The Met Office got it all wrong yesterday, but their blunder resulted in an excellent day's birding for yours truly.
I woke early and decided to venture out, thinking that I would call it a day when the rain came over, but it never did. I headed off to Upton Warren first, picking up a juvenile Little Gull [lifer 212!] [year tick 169!], a Mediterranean Gull, Common Sandpiper, Little Ringed Plover, Sedge Warbler, Kingfisher, Dunlin, Snipe and, after much patience, a Reed Warbler [year tick 170!]. These birds were all seen from the East Hide on the Moors Pool. A visit to the flashes got me a Lesser Whitethroat [year tick 171!], a right little beauty!
With the skies still clear and my luck in, I chanced my arm at Holt and Grimley New Workings in the hope of picking up a Yellow Wagtail, another of my bogey birds. I couldn't find one, but I did spot another Dunlin and a pair of Little Ringed Plovers in the flooded field at Holt, plus a few Common Whitethroats at both sites.
I couldn't resist paying a visit to nearby Shenstone on the way back. This is becoming something of a birding mecca for me and I have never come away from there without seeing something of interest. As expected, I saw Corn Bunting, Yellowhammer, Common Whitethroat, many Wheatear, Linnet, Lapwing, Song Thrush, Sparrowhawk and a pair of Grey Partridge. However, as I made my way up Heath Lane, I heard my first Cuckoo of the year. I wheeled around and spotted a bird flying away from me in the distance. Luckily I was able to get the scope up in time to confirm that it was the Cuckoo that I had just heard [year tick 172!].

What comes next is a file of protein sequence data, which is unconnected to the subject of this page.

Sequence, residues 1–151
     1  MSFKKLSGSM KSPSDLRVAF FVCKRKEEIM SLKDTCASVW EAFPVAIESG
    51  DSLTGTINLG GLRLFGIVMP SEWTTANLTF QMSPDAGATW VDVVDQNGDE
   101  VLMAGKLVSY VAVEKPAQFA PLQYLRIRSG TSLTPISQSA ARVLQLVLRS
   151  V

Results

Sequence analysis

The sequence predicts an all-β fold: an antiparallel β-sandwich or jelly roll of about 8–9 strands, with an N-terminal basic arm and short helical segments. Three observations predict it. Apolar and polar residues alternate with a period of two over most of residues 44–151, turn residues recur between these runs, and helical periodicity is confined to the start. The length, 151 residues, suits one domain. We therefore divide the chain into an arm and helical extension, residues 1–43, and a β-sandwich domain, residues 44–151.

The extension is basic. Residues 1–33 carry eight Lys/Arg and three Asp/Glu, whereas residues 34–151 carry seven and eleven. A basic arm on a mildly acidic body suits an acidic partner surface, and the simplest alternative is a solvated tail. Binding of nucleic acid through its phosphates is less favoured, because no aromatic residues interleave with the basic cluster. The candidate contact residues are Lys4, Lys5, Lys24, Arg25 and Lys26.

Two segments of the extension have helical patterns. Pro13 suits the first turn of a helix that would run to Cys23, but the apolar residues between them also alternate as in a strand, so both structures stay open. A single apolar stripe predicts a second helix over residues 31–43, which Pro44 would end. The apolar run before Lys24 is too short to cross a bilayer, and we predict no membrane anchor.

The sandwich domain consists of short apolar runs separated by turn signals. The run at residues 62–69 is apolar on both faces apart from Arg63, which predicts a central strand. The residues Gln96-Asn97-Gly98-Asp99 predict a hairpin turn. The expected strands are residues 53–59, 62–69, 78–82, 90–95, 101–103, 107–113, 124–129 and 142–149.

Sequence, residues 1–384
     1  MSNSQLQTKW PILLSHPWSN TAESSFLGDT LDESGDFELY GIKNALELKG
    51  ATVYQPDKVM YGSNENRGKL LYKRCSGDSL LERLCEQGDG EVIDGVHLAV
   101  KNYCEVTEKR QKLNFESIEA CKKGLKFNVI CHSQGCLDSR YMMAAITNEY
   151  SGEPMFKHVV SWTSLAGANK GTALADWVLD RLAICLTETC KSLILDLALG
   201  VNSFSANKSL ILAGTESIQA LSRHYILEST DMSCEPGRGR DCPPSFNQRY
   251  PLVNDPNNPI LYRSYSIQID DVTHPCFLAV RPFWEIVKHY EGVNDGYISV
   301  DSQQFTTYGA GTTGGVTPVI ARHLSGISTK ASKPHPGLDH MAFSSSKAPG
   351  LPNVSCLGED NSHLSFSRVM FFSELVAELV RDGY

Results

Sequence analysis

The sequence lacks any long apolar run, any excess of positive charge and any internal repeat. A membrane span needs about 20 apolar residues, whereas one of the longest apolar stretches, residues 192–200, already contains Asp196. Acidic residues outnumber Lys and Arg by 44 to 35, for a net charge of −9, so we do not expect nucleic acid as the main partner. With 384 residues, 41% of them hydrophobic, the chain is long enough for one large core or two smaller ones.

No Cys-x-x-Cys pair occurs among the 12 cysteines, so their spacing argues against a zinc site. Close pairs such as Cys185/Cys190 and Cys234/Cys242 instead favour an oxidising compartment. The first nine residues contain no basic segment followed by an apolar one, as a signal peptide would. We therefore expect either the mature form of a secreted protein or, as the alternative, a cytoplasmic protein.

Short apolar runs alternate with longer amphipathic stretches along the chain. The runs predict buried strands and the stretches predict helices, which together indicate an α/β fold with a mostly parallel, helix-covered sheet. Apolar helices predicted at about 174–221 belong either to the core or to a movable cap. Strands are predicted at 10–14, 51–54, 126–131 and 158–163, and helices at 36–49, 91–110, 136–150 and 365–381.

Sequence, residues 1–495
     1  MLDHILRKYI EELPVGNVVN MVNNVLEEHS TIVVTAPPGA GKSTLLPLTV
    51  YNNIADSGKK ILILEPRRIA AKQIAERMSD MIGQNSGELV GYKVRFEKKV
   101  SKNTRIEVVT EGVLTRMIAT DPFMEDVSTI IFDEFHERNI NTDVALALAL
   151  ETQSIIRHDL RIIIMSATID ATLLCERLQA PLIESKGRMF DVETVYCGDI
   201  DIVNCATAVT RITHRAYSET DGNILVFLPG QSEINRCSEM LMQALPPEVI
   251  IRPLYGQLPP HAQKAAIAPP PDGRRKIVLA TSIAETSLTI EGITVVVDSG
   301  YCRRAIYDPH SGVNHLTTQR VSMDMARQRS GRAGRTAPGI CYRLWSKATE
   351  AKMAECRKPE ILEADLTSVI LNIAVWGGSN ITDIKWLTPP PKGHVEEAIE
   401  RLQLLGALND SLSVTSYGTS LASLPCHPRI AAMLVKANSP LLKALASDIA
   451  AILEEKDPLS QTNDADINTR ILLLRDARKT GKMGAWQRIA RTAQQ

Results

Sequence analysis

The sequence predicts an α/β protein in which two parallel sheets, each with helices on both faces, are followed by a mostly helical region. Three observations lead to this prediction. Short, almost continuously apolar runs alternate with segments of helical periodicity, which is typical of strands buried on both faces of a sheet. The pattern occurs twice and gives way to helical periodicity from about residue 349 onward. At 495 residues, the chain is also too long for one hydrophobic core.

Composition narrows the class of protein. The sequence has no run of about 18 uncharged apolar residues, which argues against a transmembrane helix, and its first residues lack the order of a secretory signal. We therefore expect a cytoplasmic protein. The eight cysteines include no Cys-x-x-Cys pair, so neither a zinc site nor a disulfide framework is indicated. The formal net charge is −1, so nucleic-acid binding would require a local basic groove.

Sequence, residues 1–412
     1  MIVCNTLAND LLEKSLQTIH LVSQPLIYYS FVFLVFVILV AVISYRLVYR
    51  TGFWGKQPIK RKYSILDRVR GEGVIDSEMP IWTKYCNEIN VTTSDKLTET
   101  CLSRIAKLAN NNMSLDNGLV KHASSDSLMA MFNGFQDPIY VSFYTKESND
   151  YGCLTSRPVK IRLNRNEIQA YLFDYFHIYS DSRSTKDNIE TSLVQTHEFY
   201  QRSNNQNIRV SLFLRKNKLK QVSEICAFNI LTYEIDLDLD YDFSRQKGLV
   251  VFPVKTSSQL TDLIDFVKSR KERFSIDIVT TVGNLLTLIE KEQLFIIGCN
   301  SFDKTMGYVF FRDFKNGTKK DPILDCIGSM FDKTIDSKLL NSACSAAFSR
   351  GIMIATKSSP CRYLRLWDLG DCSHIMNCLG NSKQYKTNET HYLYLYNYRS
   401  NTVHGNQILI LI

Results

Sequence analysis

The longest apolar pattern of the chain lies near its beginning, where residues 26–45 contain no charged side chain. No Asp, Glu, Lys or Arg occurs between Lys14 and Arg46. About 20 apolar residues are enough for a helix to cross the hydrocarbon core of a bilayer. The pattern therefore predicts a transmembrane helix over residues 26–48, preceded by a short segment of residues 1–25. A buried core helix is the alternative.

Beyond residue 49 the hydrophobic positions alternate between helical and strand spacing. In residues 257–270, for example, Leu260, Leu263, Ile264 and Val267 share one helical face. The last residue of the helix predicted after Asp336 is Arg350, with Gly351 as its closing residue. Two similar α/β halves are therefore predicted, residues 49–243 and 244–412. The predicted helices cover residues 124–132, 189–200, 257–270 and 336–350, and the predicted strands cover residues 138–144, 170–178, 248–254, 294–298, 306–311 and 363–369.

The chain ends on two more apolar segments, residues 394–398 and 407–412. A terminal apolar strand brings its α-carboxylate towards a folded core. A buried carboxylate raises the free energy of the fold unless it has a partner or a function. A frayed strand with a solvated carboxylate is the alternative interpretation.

I had a go for the local Little Owl as I neared home, but failed to spot it on this occasion. Thanks to Gordon Greaves at Upton Warren for identifying the Mediterranean Gull and giving me a bit of gen regarding the Lesser Whitethroat.
I'm off to Brandon Marsh and Draycote Water today, so with some luck there may be a few more additions to the life and year list today.
The Mistle Epistle
I have a feeling that one of the eggs may have hatched. There was a lot of unsavoury activity around the nest this morning when a couple of Jackdaws showed a little too much interest in proceedings. The Mistle Thrush managed to fend them off eventually, but with an army of at least 30 Jackdaws in the area, I wonder how long they can survive this kind of sustained attack.
It is a little upsetting to watch, but I don't feel I can intervene. Ultimately, nature has to run its course. I will try to have a look in the nest later today to work out exactly what is going on.